Africa Outreach


When I scanned Uganda’s morning paper in April 2001 over my almost burnt toast and black coffee, I noticed a story – or maybe the picture. An American living in Kampala who worked on conservation projects inspired the Uganda Society for the Protection and Care of Animals (USPCA) to make big changes, set up Spay Days and Community Education programs, and helped build a new animal care center in an impoverished neighborhood. She faces serious challenges, I figured. Most likely just another doer whose idealistic dreams will soon be smashed against the rocky shores of reality.

Later that night, in the quiet of my room, I was reminded of the story again. My window was open and through it came a sound common in many East African cities: dogs barking. Their vocalizations pierced the night, moving in waves, coming closer, moving away, sometimes howling or high, sometimes yippy, sometimes singing like the cries of wild animals. I never thought much about these urban dogs and their lives, even though I’d lay awake many nights listening to their howls.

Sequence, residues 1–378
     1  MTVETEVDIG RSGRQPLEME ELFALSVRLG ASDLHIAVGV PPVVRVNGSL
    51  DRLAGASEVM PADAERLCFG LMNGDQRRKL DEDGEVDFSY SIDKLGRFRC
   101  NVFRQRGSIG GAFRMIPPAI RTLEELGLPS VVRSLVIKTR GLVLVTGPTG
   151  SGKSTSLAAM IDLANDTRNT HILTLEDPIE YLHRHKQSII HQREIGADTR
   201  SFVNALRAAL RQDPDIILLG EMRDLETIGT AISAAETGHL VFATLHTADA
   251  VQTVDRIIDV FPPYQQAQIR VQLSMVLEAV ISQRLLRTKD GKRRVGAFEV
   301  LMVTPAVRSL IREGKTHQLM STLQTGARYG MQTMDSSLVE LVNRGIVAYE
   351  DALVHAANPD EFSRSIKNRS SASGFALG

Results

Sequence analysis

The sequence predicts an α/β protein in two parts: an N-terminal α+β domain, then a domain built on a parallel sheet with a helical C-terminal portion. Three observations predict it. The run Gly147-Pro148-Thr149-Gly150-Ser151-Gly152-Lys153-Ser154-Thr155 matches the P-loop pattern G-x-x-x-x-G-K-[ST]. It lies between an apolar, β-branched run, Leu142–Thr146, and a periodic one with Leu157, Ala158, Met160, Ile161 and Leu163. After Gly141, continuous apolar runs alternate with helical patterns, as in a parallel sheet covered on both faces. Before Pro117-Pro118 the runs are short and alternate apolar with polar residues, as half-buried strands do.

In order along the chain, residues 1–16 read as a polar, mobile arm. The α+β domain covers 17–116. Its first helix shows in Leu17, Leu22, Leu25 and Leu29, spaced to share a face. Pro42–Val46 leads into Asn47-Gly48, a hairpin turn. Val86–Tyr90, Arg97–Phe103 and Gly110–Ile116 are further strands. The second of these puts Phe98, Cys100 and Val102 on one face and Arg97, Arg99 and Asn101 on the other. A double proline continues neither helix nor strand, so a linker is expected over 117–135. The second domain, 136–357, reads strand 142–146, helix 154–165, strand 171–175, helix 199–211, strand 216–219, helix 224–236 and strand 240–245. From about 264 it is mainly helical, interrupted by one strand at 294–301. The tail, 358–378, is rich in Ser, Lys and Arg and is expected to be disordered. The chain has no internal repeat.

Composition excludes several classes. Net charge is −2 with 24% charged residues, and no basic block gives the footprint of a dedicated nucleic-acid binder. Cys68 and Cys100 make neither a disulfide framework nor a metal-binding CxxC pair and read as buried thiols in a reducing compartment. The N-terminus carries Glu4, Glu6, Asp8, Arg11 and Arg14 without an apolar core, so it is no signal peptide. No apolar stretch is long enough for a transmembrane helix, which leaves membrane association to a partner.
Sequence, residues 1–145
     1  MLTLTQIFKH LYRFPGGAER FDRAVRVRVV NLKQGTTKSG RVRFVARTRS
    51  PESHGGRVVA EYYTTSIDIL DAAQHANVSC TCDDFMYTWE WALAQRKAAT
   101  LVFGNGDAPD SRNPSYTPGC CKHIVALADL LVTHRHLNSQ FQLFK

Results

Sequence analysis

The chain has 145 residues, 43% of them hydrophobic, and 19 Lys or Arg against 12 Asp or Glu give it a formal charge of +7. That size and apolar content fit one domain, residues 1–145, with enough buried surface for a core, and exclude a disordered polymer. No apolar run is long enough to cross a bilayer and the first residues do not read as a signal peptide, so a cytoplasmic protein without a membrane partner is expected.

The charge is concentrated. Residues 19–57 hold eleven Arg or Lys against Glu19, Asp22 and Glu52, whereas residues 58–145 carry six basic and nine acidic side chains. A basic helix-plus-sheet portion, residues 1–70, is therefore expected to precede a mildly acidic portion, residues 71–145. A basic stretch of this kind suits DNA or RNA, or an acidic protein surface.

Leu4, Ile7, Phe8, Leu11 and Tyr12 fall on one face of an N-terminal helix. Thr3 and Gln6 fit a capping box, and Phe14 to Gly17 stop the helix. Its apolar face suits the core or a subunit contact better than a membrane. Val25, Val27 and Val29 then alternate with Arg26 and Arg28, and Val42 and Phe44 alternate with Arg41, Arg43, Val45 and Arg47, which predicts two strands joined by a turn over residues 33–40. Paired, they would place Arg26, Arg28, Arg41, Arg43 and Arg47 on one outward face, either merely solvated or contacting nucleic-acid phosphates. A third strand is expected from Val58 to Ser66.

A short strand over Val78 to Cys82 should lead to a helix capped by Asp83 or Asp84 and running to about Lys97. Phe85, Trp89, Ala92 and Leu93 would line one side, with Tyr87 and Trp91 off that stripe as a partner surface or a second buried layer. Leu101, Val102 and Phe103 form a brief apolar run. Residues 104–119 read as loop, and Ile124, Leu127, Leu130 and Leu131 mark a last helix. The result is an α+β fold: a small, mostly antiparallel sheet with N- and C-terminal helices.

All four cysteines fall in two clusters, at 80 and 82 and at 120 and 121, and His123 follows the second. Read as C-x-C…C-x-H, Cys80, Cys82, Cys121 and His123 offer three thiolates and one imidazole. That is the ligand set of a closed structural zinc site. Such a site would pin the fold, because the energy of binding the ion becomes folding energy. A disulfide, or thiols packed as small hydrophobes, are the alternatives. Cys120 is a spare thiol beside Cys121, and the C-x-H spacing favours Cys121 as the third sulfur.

Dogs are highly respected in much of rural Africa – I’ve often come across a shepherd or hunter who cradles his dog’s head in his lap, pats it gently, or scratches its ears, and I know a man in rural Tanzania , a market trader. who carries his crippled dog everywhere with him. But life in cities is different for dogs. This closeness, this warmth of relationship is often lost in the hustle and bustle of the city.

face to face
A few weeks later, in Kampala, I met with the Uganda Wildlife Authority, the authority responsible for the country’s national parks. Across from me sat Karen Menczer, the woman from the newspaper, the maker, the person I had imagined as an overly idealistic “junkyard warrior”: She was short, had muscular arms, a shock of dark hair and a water bottle on hand ( an obvious fitness fanatic). After the meeting, she approached. “Hello, I have a great favor asking you.” Here it comes, she wants a copy of one of my books, I thought. But it wasn’t. Instead, Karen asked me to look at her “Simba Collection,” about 500 pictures of Ugandans with a dog named Simba.

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